Sexism and Religiosity

“There is evidence to support the notion that practitioners of well-established religious traditions tend to show greater adherence to conventional gender roles (1) and that increased education is associated with less prejudiced attitudes in general (2) and with less sexist attitudes in particular (3).”

"The relationships of education and religiosity to hostile and benevolently sexist attitudes toward women and men, as assessed by the Ambivalent Sexism Inventory (ASI; Glick & Fiske, 1996) and the Ambivalence Toward Men Inventory (AMI; Glick & Fiske, 1999), was explored in a random sample of 1,003 adults (508 women, 495 men) from Galicia, Spain. For both men and women (a) level of educational attainment negatively correlated with hostile and benevolent sexist attitudes, and (b) Catholic religiosity uniquely predicted more benevolent, but not more hostile, sexist attitudes. Although correlational, these data are consistent with the notion that active participation in the Catholic Church may reinforce benevolently sexist ideologies that legitimate gender inequality, whereas education may be effective in diminishing sexist beliefs."*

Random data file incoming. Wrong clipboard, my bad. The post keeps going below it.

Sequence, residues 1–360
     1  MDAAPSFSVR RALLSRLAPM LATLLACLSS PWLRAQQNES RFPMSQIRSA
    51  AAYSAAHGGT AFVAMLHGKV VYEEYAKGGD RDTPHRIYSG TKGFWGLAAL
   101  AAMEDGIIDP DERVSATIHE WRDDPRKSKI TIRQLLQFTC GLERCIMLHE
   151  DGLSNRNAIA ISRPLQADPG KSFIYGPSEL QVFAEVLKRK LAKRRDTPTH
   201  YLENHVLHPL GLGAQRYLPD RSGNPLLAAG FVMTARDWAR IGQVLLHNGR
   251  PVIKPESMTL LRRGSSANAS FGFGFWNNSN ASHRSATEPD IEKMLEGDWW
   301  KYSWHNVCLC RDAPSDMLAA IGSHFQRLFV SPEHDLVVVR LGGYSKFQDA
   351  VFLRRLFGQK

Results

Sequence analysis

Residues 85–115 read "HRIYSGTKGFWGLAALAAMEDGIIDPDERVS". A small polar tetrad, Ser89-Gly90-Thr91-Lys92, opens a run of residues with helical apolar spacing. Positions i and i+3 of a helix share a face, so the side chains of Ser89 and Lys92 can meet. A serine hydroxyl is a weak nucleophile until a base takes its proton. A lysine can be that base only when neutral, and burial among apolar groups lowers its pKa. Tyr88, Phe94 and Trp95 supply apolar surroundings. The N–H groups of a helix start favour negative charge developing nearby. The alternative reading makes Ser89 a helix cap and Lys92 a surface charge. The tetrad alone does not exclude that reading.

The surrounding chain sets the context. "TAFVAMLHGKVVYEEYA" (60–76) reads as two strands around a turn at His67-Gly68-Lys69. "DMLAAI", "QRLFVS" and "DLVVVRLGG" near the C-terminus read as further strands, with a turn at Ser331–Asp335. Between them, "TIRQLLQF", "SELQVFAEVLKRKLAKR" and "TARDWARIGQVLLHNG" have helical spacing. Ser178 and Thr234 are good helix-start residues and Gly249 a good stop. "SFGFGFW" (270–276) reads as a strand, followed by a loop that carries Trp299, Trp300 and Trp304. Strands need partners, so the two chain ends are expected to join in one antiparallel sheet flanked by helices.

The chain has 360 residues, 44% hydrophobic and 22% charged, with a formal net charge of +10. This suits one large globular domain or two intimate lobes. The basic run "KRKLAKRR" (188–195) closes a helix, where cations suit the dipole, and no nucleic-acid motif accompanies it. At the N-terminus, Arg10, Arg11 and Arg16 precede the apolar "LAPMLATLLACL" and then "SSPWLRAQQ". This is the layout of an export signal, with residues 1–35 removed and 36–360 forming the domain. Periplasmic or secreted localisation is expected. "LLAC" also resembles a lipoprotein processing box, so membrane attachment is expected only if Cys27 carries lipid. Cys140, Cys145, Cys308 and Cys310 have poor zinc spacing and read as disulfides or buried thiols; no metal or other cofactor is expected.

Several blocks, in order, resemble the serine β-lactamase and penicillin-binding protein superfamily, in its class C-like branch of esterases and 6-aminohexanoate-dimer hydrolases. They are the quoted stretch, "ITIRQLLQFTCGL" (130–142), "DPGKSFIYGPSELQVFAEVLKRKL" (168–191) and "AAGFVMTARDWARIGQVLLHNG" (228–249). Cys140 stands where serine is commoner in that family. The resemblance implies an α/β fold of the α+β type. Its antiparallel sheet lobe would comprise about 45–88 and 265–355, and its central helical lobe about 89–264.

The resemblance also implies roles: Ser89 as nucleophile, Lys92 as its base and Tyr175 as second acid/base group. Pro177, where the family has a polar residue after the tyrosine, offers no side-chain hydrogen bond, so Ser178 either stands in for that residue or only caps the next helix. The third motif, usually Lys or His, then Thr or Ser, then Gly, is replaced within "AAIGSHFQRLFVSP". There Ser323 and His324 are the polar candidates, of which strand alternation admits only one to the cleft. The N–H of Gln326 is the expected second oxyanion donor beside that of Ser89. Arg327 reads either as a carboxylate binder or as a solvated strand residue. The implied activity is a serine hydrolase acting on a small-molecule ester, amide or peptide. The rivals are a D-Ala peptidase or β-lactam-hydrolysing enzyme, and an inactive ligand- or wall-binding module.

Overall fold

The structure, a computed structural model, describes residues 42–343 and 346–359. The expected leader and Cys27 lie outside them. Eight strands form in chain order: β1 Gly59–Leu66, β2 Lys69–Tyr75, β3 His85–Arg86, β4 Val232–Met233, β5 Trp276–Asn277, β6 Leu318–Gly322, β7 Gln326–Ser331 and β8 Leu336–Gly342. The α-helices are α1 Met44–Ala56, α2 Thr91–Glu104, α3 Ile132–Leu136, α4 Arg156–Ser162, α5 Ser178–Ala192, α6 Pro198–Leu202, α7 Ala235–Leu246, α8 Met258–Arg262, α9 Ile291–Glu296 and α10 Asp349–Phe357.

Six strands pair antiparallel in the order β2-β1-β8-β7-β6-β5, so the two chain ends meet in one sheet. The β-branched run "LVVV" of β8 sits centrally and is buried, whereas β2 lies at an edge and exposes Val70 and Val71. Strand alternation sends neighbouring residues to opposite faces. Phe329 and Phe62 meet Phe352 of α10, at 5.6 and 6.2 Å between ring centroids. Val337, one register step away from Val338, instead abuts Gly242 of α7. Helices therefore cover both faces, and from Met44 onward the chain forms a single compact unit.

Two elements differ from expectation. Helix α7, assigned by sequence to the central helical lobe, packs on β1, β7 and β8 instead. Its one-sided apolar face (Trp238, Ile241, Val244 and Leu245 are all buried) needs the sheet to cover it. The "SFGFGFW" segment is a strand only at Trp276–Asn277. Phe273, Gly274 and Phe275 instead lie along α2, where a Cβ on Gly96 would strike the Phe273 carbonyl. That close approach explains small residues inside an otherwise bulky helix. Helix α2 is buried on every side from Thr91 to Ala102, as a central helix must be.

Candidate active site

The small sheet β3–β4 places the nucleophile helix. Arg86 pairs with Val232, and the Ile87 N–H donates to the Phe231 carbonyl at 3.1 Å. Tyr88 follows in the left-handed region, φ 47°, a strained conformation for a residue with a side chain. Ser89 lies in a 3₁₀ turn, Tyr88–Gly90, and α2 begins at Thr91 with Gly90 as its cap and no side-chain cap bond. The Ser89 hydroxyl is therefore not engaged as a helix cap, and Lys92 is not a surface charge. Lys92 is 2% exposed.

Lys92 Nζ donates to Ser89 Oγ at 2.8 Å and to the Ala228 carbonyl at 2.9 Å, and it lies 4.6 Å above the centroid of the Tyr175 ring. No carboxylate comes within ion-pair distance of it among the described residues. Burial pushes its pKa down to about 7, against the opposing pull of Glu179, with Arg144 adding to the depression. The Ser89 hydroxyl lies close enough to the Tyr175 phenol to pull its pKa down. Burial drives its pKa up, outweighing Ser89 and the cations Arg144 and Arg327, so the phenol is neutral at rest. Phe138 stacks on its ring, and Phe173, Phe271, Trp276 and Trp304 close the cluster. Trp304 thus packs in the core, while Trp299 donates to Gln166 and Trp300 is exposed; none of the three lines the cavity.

Education and Catholic Religiosity as Predictors of Hostile and Benevolent Sexism toward Women and Men

Journal article by Peter Glick, Maria Lameiras, Yolanda Rodriguez Castro; Sex Roles: A Journal of Research, No. 96, 2002

1. e.g., Jensen & Jensen, 1993; Sanchez & Hall, 1999; Wilcox & Jelen, 1991
2. Farley, Steeh, Krysan, Jackson, & Reeves, 1994
3. Benson & Vincent, 1980; Sidanius, 1993

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